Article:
One of the most interesting things of the ongoing North Korean Crisis[i] is its inability to be solved by conventional military or diplomatic means.
Fifty years from now we may very well be still contemplating how to handle Pyongyang’s provocations. Years of half-hearted efforts by a slew of US administrations failed to achieve anything meaningful, giving sufficient space for the Kim dynasty to manoeuvre and survive in spite of sanctions, multiple military confrontations and intimidating military ‘exercises’.
A number of more extreme ‘solutions’ have been indirectly proffered by the Trump administration.[ii] Flagged by some of the US commentariat is the possibility of the US launching a pre-emptive military strike against North Korea.[iii] To them a strike of this nature would, at the very least, ‘de-fang’ the Kim dynasty by levelling its nuclear and ballistic missile programs and would severely affect the credibility of the ‘Dear Leader’ himself, and may lead to a coup d’état against him.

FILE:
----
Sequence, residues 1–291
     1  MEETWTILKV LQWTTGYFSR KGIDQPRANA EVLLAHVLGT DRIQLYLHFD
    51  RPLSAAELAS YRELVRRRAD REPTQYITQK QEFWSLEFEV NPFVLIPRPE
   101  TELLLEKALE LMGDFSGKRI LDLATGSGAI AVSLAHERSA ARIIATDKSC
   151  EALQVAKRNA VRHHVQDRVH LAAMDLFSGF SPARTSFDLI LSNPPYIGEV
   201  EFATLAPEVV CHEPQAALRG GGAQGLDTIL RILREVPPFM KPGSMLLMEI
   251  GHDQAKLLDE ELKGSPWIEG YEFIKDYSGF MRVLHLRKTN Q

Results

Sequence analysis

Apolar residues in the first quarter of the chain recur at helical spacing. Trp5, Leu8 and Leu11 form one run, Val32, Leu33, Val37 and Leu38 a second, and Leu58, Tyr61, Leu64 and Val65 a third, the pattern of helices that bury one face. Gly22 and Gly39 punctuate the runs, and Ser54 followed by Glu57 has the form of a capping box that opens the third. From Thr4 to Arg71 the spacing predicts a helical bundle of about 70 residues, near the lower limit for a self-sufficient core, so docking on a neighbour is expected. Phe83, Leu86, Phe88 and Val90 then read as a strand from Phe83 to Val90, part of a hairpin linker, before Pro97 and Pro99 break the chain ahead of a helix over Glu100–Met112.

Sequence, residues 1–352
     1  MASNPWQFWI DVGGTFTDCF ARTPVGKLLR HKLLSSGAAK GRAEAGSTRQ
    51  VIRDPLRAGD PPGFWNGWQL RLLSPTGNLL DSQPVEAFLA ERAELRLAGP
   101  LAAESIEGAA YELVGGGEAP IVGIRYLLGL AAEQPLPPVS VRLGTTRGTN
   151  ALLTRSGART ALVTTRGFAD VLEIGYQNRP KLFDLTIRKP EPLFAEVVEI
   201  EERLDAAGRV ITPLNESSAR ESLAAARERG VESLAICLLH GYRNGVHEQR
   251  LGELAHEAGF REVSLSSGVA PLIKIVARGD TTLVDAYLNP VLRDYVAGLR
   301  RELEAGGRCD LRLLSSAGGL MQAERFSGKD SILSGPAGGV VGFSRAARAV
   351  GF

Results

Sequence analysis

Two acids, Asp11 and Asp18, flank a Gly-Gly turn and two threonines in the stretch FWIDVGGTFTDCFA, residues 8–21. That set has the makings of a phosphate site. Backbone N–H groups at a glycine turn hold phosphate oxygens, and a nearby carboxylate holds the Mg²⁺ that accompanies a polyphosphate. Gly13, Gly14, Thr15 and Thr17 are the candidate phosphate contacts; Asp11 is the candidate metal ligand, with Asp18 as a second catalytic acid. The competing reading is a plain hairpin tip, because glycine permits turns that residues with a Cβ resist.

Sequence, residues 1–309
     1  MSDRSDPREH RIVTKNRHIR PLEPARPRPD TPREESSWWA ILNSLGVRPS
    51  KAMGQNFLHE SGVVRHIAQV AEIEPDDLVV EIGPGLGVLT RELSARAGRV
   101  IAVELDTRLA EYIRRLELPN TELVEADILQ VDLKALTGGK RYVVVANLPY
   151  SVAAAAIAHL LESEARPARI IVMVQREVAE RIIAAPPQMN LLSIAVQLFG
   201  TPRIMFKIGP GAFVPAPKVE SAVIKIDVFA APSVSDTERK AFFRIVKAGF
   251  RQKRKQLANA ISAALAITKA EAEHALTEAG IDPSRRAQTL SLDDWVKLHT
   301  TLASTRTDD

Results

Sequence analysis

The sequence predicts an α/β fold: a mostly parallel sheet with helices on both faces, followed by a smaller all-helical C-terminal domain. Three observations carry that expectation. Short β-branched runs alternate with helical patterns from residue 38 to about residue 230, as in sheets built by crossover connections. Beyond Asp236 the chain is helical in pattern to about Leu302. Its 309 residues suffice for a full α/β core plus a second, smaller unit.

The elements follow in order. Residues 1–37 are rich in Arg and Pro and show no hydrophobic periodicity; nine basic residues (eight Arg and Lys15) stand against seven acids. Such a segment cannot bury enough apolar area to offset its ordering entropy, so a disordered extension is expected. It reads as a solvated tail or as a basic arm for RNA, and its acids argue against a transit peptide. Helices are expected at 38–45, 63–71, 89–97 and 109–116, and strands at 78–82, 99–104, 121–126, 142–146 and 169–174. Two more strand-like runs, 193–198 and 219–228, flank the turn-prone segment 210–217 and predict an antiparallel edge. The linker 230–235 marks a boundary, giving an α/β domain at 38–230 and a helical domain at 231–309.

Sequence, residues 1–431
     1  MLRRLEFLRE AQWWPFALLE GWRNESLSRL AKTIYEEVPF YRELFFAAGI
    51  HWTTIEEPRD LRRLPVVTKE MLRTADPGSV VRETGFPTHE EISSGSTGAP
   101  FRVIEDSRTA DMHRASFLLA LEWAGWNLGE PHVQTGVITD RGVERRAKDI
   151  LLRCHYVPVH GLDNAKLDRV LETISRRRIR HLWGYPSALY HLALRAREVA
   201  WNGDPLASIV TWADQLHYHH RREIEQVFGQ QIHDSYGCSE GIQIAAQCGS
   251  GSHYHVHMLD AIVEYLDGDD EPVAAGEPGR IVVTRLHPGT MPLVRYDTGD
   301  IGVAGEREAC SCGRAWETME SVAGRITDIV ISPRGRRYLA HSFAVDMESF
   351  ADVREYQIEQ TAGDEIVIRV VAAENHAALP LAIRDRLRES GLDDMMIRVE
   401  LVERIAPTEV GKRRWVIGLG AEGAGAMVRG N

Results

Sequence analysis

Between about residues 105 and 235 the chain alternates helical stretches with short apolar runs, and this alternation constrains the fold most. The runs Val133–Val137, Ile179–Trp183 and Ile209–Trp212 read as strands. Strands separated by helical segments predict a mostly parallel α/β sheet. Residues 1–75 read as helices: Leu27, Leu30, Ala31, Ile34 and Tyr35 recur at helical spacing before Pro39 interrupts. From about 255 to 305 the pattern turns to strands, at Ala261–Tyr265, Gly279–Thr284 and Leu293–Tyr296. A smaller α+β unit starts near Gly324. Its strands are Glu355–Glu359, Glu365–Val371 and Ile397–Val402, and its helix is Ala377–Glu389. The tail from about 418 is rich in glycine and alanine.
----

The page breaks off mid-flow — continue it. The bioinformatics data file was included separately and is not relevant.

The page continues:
However, the problem with this option is that Kim Jong Un, should he survive a decapitation strike, could throw caution to the wind and launch a massive retaliation against South Korea and the US military presence it hosts. Were that to happen, all bets are off. Pyongyang, knowing full well that it could not sustain a convention military assault against the combined forces of South Korea and the US, may engage in a complex hybridised war. Not a re-run of 1950-53, but something far more gruelling such as an artillery and cyber attack on the South Korean capital Seoul, followed in short order by commando attacks, both over the 38th Parallel and delivered by submarine against targets within South Korea. The chaos that this would cause to the South Korean and American militaries cannot be underestimated.
A second wave of assaults targeting the South Korean port city of Busan as well as the city of Inchon, site of MacArthur’s famous flanking manoeuvre against North Korean forces back in 1950, would have one specific mission – to wipe out as much of South Korea’s critical infrastructure as possible, so that ROK[iv] and US forces are unable to mount effective conventional movements and get access to rapid resupply.